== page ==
Empowerment is a bold word; it's a dramatic concept. And none of those terms – drama, boldness or empowerment – are ones young students often associate with math or science. They didn't used to, at least. Lansing's Information Technology Empowerment Cente
r, or ITEC, has been working to change all that.
"We're all about confidence and competence," says ITEC Executive Director Kirk Riley. "It's not good enough to be able to do but find it boring. We're doing it through innovative, IT-based methods."
What that means is fifth graders building robots with Legos, and third graders learning to design video games during a variety of afterschool programs throughout Lansing. Though that may seem nearly impossible to even well-educated adults who view robotics and programming as highly specialized skills, ITEC is defying that mind frame with the help of software such as Kodu, a Microsoft product that allows beginning game designers to create projects through simple coding.
Though ITEC doesn't turn away students of any socioeconomic demographic, the program focuses on at-risk students in the Lansing area. All students qualifying as H.O.P.E. scholars are invited to join, with the aim of exciting these young minds in the STEM areas.
"We're setting up a learning environment where kids are free to explore," Riley says. "They are free to explore at their own pace. There is no answer key in the ITEC classroom. Instead there is creativity and ideas."
In order to empower kids to love math and science, however, ITEC first empowered themselves by building partnerships with organizations citywide, such as the YMCA, Capital Area District Library, Impression 5 and more.
"Partnerships are important be cause we work all over town," says Riley. "Our partners do a lot of what is needed to enable ITEC to succeed. If we had to pay for every computer lab and every snack, our cost would be a lot higher."
ITEC, in fact, began as a partnership. The organization launched in 2007 after Michigan State University identified a shortage of qualified computer science applicants. The idea behind ITEC was, instead of retraining college students and professionals in the field, to instill computer science competency and enthusiasm in students from a young age.
"These were real issues for [MSU]," says Riley of the talent shortage, "but the real motivator in creating ITEC was to do the right thing by Lansing youth, and that was to give them a leg up in IT and STEM careers. And yet, the economic development portion of ITEC has drawn in a lot of partners."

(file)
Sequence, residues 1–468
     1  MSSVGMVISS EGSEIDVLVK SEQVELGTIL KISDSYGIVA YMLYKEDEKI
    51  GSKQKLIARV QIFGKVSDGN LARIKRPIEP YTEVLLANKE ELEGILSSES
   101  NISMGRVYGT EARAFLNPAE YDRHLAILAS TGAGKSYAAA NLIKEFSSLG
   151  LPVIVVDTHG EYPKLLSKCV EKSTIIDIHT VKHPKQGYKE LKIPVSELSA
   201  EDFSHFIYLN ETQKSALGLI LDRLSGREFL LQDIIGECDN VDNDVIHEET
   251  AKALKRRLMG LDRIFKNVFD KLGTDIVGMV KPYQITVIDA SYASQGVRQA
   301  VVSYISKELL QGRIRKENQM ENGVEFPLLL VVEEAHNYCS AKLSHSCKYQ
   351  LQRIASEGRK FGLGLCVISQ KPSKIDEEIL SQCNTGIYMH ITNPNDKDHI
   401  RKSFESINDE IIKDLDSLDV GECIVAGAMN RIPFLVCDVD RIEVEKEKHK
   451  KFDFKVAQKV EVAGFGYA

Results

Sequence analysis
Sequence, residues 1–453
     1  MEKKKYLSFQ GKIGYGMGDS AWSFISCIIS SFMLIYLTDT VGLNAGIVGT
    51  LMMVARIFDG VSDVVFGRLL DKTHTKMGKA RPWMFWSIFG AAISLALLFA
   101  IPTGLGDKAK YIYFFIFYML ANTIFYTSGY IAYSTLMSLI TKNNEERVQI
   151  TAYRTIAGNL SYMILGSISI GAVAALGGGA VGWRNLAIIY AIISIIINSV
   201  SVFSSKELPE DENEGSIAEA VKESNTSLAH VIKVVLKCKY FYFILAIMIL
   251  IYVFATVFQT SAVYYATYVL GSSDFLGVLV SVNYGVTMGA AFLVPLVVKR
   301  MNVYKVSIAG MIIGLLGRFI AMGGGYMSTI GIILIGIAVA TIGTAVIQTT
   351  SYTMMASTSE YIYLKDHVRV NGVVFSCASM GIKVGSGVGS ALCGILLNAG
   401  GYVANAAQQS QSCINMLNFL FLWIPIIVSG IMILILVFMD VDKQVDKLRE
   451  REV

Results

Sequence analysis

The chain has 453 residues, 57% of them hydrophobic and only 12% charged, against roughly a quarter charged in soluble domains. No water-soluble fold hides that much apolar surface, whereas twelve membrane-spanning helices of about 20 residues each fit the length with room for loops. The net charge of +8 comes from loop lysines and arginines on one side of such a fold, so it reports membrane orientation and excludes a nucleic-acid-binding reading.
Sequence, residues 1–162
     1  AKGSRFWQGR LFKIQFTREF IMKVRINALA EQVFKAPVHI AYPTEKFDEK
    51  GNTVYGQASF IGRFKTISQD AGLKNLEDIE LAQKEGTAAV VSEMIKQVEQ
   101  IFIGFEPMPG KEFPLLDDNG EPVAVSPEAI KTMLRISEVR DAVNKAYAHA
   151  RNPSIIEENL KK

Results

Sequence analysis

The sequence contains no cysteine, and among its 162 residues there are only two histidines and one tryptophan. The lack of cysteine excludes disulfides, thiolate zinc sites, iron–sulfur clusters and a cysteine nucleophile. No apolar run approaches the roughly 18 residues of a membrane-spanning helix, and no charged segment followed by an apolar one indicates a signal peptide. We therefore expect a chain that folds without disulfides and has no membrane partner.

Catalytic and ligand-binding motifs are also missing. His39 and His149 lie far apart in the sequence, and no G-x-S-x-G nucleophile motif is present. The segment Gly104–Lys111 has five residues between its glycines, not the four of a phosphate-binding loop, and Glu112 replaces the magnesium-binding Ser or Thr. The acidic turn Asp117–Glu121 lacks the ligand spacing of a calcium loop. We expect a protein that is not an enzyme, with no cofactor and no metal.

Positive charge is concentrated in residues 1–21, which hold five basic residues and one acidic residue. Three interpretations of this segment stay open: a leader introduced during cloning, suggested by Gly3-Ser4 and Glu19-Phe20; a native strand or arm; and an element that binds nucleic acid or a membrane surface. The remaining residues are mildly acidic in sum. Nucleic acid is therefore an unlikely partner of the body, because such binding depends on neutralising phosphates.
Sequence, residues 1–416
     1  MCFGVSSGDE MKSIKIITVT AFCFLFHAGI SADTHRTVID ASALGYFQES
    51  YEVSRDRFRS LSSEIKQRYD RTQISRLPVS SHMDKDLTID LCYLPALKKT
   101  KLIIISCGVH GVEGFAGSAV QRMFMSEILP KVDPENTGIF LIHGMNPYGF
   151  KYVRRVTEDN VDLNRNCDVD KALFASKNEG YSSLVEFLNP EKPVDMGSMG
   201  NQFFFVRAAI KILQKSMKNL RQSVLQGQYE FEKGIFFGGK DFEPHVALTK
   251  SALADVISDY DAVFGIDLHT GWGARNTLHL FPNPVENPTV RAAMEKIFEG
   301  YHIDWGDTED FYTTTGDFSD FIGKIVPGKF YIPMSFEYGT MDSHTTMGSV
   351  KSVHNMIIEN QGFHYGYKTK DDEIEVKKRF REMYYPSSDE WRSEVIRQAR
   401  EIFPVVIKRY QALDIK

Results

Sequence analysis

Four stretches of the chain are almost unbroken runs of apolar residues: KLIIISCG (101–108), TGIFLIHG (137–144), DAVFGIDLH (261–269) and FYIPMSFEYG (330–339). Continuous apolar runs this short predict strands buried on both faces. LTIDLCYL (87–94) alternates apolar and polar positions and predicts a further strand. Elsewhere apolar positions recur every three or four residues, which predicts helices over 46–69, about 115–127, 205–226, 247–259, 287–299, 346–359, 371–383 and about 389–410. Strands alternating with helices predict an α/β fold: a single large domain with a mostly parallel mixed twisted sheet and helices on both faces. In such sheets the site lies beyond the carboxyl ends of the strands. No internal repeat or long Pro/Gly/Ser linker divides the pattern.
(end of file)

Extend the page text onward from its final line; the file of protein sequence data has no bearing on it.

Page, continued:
Six years later, about 250 students are enrolled in ITEC courses, and Riley expects 400 to participate in summer programming. For most of that time, ITEC classes have taken place in the venues of their partners, such as the YMCA and Lansing Schools. And though meeting kids where they already are is an important part of ITEC's mission, when the non-profit opened an official headquarters in 2011, it helped to further establish their identity in the community.
" We kind of put down roots here," Riley says of the Foster Community Center location. "It helps a lot to be able to have people come here. It's the ITEC."
New digs isn't the only thing changing at the ever-evolving organization. ITEC is constantly developing new partnerships and new programs, such as iMath, a new web-based math-tutoring program rolled out in late 2012, which recently received a $20,000 grant from Jackson National Community Fund and in-kind donations from Hungry Howie’s of Lansing and Dean Transportation.
ITEC is clearly growing within Lansing, but the sky is the limit for the organization. ITEC is already active in three Flint locations, and Riley hopes kids elsewhere in Michigan will soon be able to benefit from the innovative programming.
"We have a model that works at multiple locations," he says. "We're growing by leaps and bounds. There is a lot of demand for what we offer. Entities approach us, rather than the other way around."
The kids really say it best. As Joshua, a 15-year-old ITEC student says in an ITEC video, "Hand-on learning, it's all real and right there, and it's something you can show to another person. You can't show someone your imagination."
Joshua is one of all sorts of kids in the video, smiling and showing off what they've made with their newfound knowledge of technology. And while creating a generation of well-prepared engineers and computer scientists was the impetus for ITEC, Riley says true success is measured through the enthusiasm of each student as he or she demonstrates his or her video game or robot.
"We can test them to see if they know their times tables or coordinates," he says. "It's another thing to say that, by changing their attitudes, they can then go on to more success."
This piece originally appeared in Capital Gains